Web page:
Few people give two hoots about climate change and of those few the drop off rate from children who care to adults who don’t is significant. But this is a threat to the whole planet’s future. Why don’t we all care more? What’s gone wrong with our collective psyche?Read More
The missing link isn't a not-yet-discovered fossil, after all. It's a tiny, self-replicating globule called a coacervate droplet, developed by two researchers in Japan to represent the evolution of chemistry into biology.
DTU and Royal Greenland have collaborated on a new technology that can measure the thickness of the ice glaze on frozen prawns. This is important to know so that the prawns stay fresh and consumers get the right quantity of prawns. The solution is based on terahertz waves, and the technology can be used to measure the thickness of innumerable materials.
Molecules have a very intricate and rich structure, which allows them to rotate and vibrate freely. As a result, they have an almost limitless space in which computer scientists could encode quantum information. In addition to their vast internal space, molecules are capable of long-range interactions and could thus be entangled to other separate molecules.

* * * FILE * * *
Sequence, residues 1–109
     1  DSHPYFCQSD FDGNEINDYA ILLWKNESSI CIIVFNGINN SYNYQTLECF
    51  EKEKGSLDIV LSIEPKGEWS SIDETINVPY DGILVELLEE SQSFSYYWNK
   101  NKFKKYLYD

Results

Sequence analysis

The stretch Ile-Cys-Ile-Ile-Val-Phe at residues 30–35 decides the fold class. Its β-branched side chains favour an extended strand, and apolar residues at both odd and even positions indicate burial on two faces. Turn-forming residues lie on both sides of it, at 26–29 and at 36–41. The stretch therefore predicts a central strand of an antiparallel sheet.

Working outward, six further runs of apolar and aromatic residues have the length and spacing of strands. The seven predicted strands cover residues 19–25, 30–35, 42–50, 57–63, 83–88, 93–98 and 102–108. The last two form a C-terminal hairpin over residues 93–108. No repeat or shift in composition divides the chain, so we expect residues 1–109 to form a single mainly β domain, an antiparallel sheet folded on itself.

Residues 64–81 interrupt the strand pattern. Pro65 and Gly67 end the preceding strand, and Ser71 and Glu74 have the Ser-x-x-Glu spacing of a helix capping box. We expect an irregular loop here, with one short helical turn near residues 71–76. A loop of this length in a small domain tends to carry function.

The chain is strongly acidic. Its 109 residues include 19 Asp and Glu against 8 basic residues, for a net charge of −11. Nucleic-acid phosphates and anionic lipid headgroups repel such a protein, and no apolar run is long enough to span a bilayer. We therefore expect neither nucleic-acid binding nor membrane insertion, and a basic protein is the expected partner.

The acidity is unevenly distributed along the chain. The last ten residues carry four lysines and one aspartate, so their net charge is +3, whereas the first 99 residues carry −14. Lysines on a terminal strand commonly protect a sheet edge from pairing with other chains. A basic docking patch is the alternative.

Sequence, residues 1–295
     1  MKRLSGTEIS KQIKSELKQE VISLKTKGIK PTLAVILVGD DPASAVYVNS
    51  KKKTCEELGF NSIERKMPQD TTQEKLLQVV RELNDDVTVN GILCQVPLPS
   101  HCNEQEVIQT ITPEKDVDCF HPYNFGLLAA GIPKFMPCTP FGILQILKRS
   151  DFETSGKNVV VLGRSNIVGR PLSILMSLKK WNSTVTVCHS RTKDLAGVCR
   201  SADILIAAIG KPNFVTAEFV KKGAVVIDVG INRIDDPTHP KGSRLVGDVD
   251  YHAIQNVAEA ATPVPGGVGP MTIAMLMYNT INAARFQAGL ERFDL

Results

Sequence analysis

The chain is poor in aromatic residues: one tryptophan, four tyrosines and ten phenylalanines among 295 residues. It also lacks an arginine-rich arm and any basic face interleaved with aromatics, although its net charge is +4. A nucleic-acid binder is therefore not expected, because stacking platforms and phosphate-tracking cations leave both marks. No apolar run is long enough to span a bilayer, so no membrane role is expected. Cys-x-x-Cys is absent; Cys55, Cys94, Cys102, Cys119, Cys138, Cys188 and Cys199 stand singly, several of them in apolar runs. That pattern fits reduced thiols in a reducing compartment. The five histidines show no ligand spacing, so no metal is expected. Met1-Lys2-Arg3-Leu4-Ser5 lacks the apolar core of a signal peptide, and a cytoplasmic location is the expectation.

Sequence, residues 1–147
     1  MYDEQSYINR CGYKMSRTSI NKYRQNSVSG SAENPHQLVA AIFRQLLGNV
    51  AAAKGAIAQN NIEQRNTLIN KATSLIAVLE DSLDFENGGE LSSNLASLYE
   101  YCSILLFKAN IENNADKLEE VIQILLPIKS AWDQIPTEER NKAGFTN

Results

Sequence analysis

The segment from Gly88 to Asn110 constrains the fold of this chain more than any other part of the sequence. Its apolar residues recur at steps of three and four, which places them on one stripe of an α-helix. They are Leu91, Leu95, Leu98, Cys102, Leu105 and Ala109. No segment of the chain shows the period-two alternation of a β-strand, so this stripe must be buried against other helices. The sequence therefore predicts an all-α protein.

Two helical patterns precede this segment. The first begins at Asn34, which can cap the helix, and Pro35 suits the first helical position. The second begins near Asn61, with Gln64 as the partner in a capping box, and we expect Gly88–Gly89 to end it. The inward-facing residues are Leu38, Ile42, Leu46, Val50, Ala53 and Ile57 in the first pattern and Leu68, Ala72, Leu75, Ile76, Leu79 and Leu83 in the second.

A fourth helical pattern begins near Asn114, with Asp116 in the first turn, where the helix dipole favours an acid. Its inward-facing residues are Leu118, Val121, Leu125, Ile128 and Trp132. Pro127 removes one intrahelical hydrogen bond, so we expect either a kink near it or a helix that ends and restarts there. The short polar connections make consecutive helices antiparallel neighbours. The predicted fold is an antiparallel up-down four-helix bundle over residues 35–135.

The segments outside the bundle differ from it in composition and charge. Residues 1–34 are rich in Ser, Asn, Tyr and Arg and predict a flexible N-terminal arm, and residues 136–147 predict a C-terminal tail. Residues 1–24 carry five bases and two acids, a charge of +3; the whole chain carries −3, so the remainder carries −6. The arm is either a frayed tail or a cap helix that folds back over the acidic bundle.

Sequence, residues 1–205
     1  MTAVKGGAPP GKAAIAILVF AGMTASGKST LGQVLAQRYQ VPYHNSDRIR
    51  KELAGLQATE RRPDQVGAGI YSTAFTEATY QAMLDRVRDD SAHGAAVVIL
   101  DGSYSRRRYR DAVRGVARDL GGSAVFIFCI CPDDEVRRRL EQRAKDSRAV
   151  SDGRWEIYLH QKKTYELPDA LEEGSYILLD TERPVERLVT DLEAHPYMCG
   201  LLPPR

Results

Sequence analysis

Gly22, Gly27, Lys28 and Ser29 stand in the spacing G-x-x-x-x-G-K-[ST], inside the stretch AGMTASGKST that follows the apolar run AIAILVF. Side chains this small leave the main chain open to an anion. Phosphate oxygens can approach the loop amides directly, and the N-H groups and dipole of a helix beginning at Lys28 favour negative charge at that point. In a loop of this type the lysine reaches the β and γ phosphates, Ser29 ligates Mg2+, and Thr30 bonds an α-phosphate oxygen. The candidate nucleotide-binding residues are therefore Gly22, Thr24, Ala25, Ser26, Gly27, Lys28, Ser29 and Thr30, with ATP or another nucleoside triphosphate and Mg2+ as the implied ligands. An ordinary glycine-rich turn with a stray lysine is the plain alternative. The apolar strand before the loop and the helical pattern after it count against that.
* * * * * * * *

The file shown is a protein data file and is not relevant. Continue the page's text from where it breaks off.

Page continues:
In optics, when a collection of nonlinear processes act together on a pump beam, the resulting spectral broadening of the original pump beam gives rise to a supercontinuum. Supercontinuum sources for optical coherence tomography are of great interest since they provide a broad bandwidth for high resolution and high-power imaging sensitivity. For commercial fiber-based supercontinuum systems, researchers use high pump powers to generate a broad bandwidth and customized optical filters to modulate the spectra. In a new report now published on Science Advances, Xingchen Ji and a research team in electrical engineering, biomedical engineering and applied physics at the Columbia University, New York, U.S., introduced a supercontinuum platform based on a 1 mm2 silicon nitride photonic chip for optical coherence tomography (OCT). The researchers directly pumped and efficiently generated a supercontinuum near 1300 nm and used the setup to image biological tissues and show the strong imaging performance of the device. The new chip will facilitate portable OCTs and integrated photonics during optical imaging studies.